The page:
We’re trying to bring in the private sector so they see the value and interest in engaging in those issues, while also bringing in the campaigners and public sector partners whose primary goal is to effect change. And we have to make sure they feel comfortable where the private sector plays. We’re always trying to figure out what is the best partnership model. Sometimes it will be with the private sector, sometimes it won’t – we’d rather not see it as a philosophical decision. We’re realists – we want to achieve something and want to bring together all partners who can contribute to making that change possible.

What are some of the challenges you face in ensuring your messages reach policy makers? And what are some ways in which you have found success?

I think the biggest challenge with talking to policy makers is that they are not just focused on development and have so many other issues to consider. They might be dealing with an economic crisis or major political change, for example. Whilst we can be mindful of that, we also have our own objectives. This means we have to get the balance right and approach partners and governments at the right time.

One of the successes we had recently was the Nutrition for Growth event. At the time, UK Prime Minister David Cameron was really interested in this topic, and the event came after London had hosted the Olympics. The government felt that nutrition was an area where the UK had been a real leader and we took this as an opportunity to partner with them and bring others to the table. We acknowledged that there was a moment in time where a country and individual policy maker wanted to see a change and were receptive to partnering. As an advocate, it’s challenging to refrain from pushing your issues, but where we’ve seen success is when we’ve partnered with people by listening to what they want, not strictly based on what we say is a priority.

Since you are working globally, how do you manage the different policies and public perceptions you encounter? Do you have global strategies as well as localized ones?

We have a global agenda, but make sure that it’s also localized. Our global policy and advocacy team focuses on a set number of issues, but we quickly realized that none of these issues make sense outside of a country context. As we’re about to launch our nutrition strategy, we’re seeing that our focus has to be done through the lens of what a country needs. Rather than just offering new solutions or technologies and seeing if they work, we’re listening to what a country wants.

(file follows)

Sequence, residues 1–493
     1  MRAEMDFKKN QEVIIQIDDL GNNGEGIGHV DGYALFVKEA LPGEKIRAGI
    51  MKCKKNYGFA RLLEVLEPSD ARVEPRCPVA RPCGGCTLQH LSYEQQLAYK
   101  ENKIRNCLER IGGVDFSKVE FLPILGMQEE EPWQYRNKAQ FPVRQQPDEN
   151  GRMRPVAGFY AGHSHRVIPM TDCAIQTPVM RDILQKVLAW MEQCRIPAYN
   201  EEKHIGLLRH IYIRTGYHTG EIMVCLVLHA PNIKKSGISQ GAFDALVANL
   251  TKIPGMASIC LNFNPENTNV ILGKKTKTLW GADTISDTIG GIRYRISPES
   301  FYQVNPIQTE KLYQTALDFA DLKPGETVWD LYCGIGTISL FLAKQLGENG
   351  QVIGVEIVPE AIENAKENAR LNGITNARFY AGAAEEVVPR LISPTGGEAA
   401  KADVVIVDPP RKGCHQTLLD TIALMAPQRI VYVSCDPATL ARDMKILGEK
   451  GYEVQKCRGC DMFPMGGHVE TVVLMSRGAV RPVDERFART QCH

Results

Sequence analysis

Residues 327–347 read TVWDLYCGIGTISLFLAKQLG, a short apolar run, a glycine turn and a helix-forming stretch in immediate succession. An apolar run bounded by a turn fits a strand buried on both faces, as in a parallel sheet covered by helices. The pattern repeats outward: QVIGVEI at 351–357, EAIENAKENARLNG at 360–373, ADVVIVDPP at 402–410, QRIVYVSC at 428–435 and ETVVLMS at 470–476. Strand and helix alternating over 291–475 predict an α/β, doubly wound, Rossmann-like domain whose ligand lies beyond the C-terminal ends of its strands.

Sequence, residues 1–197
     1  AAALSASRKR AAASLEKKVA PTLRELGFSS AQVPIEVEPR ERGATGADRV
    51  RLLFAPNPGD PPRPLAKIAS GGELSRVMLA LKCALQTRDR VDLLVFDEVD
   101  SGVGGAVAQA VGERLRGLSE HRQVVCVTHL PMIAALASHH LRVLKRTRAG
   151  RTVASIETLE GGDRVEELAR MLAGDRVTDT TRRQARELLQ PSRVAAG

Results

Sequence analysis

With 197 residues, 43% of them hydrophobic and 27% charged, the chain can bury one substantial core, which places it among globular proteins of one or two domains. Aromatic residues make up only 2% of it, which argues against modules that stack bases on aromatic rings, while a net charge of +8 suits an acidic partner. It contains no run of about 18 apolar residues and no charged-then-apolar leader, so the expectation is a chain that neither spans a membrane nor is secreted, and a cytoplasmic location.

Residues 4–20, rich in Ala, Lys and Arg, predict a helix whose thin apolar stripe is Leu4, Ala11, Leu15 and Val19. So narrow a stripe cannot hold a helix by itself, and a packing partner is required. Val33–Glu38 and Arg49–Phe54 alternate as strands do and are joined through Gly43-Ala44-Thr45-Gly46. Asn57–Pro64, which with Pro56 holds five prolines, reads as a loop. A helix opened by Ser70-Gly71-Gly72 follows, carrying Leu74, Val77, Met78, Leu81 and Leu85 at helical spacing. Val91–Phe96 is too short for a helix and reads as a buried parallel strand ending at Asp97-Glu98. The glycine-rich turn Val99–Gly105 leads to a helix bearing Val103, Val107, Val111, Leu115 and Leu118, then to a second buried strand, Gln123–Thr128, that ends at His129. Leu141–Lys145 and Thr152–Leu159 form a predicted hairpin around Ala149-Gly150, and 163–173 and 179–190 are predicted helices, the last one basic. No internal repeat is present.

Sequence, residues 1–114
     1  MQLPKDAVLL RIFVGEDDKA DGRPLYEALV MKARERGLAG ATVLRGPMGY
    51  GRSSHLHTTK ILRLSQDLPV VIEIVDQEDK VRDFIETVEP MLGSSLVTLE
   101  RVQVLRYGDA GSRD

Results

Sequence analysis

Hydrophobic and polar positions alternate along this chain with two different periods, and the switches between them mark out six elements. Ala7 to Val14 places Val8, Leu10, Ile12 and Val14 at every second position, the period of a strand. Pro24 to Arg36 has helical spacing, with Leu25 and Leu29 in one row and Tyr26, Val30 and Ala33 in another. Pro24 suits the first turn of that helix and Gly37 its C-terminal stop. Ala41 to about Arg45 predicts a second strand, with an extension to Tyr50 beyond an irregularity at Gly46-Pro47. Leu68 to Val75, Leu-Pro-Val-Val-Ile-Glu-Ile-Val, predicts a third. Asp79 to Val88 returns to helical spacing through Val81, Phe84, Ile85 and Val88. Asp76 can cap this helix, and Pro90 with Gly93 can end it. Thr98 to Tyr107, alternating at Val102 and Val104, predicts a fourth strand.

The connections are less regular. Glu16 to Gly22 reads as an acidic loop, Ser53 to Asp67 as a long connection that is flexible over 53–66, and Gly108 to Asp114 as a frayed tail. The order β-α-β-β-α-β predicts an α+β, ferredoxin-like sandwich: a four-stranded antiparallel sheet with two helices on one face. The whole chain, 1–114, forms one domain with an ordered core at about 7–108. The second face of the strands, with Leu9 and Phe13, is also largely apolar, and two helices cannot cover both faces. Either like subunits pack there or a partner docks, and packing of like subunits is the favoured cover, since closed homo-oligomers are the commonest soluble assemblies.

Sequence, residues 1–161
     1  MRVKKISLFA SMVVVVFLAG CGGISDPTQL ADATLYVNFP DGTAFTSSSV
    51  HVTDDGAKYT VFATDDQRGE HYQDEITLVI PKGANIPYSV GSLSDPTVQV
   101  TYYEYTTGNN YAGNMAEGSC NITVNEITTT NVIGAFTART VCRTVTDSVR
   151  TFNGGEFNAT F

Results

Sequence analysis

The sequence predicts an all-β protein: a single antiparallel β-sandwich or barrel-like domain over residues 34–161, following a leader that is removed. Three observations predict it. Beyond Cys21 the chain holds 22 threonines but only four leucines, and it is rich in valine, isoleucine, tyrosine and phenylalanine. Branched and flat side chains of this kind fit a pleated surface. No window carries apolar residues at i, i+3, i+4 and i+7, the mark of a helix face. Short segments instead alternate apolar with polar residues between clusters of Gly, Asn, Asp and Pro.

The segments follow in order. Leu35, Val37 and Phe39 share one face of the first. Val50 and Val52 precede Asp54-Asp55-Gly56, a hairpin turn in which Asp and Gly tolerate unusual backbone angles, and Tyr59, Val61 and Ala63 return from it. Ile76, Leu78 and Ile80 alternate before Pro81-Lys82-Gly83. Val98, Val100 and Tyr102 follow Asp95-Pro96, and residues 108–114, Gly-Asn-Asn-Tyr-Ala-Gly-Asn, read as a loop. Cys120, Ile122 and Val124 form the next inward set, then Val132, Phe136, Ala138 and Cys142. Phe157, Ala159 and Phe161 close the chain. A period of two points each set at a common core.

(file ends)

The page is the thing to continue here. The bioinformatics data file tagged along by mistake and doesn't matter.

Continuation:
From an advocacy and communications perspective, we are very much engaged in partnerships through our government relations teams in different offices. We listen to the conversations they’re having with their local country representatives and that is a key part of how we’ve worked effectively.

Communicating in our digital world can allow us to reach global audiences more easily, but you still have to ensure your message is reaching the right people. How do you determine the most appropriate tactic for communicating with your audiences via social media?

We’ve definitely jumped into the digital age with enthusiasm and embrace channels like Facebook and Twitter. And it can be easy to just post a picture on Facebook and think you’ve reached people, but we see beyond that. There’s a need to inform people and raise awareness but if you want to engage them, you might need more than 140 characters. Some of the issues we’re dealing with are much more nuanced, so I think it’s about trying to use the best possible method to hook people in, and that might be a photo of Melinda Gates with someone she has met in the field, or a short story or fact, but beyond that, it’s also about giving something to people that helps them act.

That’s where our partners come in. Whilst we’re doing some of the work ourselves, we’re often helping connect people to other groups like Save the Children, One or Global Citizen, so they can think, “Oh, I can be part of this,” “I can fundraise” or “I can write to my senator.” On social media we can be a hook that helps people get excited about an issue, but it’s important that we pass them to people who can really get them engaged with an issue.

At dna Communications, we pride ourselves on being “as different as you.” Can you share something personal that makes you different and contributes to your success?

In life, I think one of the most important things is to empathize with others, even when you’re having one of your best days. I like to meditate because it makes me remember there’s a world out there and I’m connected to other people. It’s so easy to see the day-to-day aspects of your work without thinking about the end goal. I always try to stay grounded in what we’re ultimately trying to do, which is helping save lives and eradicate poverty.